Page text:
When a lost soul shows up at his door, Max uses his knowledge of the family legend to escort her to the mysterious Mañanaland. Muñoz alludes to the stakes of the journey, but while the travelers run into a bit of trouble, all obstacle
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Abbie
Sep 21, 2020 rated it liked it
Pam Munoz Ryan's new book reads like a fable about immigrants fleeing from oppressive circumstances. Max's frustration with his father's secretive and overprotective nature makes sense until the final revelation at the end. If definitely has fable-like qualities from Max's ability to lead someone on a dangerous journey with only the words of a story to guide him to his father's quick acceptance of his decision to even undertake the journey on his own. Suspend your disbelief and go on this journe ...more
The Reading Countess
Woah. This is vastly different from any of Pam Munoz Ryan’s other books, yet it has the same thread winding itself through it along with all of her other highly decorated books: she doesn’t talk down to her readers.

This is an important book written and placed into the world at a time that we need to read it. The magical realism allows kids to take the bait-and hook, line and sinker they will.

Lots of rich discussions await the teacher, librarian, loving caretaker or young reader themselves in thi
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Heather
Jun 09, 2020 rated it really liked it
A fascinating story on so many levels. Yes, it is fiction and takes place in a made-up town "somewhere in the Americas," but the messages it teaches and the experiences that happen are very real. It is a story about family connections, about dreams, about searching for lost loved ones, and about "the hidden ones." I don't want to give too much away but think -- modern-day Underground Railroad. This is a story that middle-grade children could read and enjoy (the main character is 11) but has powe ...more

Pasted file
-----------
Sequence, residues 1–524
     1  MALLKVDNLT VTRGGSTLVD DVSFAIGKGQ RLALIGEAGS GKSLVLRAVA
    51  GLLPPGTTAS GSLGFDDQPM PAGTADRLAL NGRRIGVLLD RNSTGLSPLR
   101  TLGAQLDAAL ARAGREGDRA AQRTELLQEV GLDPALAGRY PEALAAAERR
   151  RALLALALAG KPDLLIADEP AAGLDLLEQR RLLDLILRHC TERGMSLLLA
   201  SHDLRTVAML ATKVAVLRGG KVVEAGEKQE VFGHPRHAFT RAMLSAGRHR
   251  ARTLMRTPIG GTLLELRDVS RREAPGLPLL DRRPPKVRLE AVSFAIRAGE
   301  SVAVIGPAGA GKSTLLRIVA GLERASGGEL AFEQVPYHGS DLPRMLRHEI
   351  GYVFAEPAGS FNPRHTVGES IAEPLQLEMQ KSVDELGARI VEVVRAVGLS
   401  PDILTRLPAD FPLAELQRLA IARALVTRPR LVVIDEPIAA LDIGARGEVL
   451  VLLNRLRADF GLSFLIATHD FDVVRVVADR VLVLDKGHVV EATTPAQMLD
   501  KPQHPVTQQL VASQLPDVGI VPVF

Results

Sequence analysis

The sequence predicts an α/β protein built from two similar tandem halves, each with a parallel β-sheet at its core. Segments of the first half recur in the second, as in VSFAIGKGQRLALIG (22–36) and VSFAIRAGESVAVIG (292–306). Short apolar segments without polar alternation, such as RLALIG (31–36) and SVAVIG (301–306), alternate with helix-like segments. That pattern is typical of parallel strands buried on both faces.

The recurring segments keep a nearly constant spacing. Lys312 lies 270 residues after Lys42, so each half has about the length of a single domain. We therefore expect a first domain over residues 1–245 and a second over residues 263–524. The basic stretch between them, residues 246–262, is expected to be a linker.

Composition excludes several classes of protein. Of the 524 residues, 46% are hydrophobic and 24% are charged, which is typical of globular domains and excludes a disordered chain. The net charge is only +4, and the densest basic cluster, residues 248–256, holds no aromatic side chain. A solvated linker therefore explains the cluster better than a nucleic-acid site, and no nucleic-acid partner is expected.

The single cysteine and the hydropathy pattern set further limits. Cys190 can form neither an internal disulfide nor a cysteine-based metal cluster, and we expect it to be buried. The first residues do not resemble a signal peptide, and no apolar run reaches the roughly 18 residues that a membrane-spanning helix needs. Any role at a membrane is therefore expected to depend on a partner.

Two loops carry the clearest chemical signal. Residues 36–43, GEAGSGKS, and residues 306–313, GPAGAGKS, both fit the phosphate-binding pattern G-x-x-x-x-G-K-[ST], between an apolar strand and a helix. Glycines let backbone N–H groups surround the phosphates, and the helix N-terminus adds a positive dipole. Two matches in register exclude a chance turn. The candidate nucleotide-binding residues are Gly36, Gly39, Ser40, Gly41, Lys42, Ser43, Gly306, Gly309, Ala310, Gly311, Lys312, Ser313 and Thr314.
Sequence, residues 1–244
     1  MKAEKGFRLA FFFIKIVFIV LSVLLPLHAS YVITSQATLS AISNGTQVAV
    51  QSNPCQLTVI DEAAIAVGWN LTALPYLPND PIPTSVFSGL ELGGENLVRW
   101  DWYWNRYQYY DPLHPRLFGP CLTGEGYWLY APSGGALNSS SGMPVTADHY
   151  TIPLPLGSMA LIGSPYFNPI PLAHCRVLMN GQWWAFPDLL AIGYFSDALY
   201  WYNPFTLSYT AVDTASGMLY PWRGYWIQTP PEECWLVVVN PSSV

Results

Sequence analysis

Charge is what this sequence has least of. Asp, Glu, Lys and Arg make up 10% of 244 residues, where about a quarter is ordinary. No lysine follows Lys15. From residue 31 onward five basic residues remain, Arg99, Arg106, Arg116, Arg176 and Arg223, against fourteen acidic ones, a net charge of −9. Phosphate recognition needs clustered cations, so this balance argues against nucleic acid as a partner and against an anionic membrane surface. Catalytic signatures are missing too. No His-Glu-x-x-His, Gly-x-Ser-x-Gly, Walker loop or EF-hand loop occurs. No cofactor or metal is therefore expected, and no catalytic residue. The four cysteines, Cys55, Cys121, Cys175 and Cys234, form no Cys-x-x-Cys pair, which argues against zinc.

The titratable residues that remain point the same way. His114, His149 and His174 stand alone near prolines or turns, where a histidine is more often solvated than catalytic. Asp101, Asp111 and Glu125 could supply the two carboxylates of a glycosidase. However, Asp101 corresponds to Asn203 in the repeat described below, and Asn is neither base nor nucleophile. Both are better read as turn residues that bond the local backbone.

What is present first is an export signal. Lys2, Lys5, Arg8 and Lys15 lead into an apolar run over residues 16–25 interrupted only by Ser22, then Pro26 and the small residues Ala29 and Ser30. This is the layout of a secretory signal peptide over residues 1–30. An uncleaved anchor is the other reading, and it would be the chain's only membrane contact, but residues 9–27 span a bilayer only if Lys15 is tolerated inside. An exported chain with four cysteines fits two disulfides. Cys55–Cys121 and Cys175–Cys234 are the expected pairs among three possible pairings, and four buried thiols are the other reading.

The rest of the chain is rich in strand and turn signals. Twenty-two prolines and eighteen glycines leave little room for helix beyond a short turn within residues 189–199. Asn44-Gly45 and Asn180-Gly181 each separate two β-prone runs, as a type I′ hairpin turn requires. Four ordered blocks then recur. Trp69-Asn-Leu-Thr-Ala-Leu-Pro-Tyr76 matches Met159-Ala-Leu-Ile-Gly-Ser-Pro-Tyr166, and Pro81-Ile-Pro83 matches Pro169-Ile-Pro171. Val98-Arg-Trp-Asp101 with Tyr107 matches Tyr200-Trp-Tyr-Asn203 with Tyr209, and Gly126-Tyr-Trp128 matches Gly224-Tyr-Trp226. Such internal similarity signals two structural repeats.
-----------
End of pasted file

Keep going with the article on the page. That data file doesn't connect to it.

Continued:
Carrie
I'm not a big fan of quest adventure stories, but Pam Muñoz Ryan is such a talented writer that she had me hooked from the beginning. Some kids will get pulled in by the fútbol storyline, others will appreciate the fairy tale aspect, but close readers will see the refugee story told through legend and lore. This skews toward the younger end of middle grade, but it has a timeless feel that could attract some older readers too.
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Jill
Apr 25, 2020 rated it liked it
I'm a big fan of Pan Munoz Ryan but this was my least favorite of hers. I just kept waiting to hear why exactly the hidden ones needed to be hidden. Why were there so many that they needed to basically have an Underground Railroad for decades in place to take care of all these people? I liked the main story but felt like there were too many unanswered questions.
Content: Clean
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Pam Muñoz Ryan is the author of the New York Times Best Seller, ECHO, a 2016 Newbery Honor Book, and winner of the Kirkus Prize. She has written over forty books for young people—picture books, early readers, and middle grade and young adult novels. She the author recipient of the NEA's Human and Civil Rights Award, the Virginia Hamilton Literary Award, the Willa Cather Award, the Pura Belpré meda ...more

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“You will witness the best and the worst in people. Embrace the best and dismiss the worst. You are not doomed to live beneath other people's misguided notions. Rise above their narrowness. Pity them. And create your own noble worth.” 0 likes
“Stand firmly in the reality of today, or life will only disappoint you tomorrow” 0 likes